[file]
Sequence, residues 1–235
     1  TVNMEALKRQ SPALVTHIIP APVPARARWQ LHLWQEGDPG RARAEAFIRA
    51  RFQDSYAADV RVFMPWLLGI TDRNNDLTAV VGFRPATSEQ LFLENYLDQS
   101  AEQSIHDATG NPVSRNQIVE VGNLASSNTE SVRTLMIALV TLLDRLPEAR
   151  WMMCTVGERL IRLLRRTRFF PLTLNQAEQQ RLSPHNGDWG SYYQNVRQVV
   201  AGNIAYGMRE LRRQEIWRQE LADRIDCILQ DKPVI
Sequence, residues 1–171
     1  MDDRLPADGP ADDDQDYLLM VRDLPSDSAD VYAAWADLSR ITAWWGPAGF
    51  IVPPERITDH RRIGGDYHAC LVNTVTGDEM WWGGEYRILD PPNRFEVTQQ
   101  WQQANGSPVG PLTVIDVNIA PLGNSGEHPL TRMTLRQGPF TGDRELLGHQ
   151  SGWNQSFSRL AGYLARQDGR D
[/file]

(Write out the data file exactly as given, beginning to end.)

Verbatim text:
Sequence, residues 1–235
     1  TVNMEALKRQ SPALVTHIIP APVPARARWQ LHLWQEGDPG RARAEAFIRA
    51  RFQDSYAADV RVFMPWLLGI TDRNNDLTAV VGFRPATSEQ LFLENYLDQS
   101  AEQSIHDATG NPVSRNQIVE VGNLASSNTE SVRTLMIALV TLLDRLPEAR
   151  WMMCTVGERL IRLLRRTRFF PLTLNQAEQQ RLSPHNGDWG SYYQNVRQVV
   201  AGNIAYGMRE LRRQEIWRQE LADRIDCILQ DKPVI
Sequence, residues 1–171
     1  MDDRLPADGP ADDDQDYLLM VRDLPSDSAD VYAAWADLSR ITAWWGPAGF
    51  IVPPERITDH RRIGGDYHAC LVNTVTGDEM WWGGEYRILD PPNRFEVTQQ
   101  WQQANGSPVG PLTVIDVNIA PLGNSGEHPL TRMTLRQGPF TGDRELLGHQ
   151  SGWNQSFSRL AGYLARQDGR D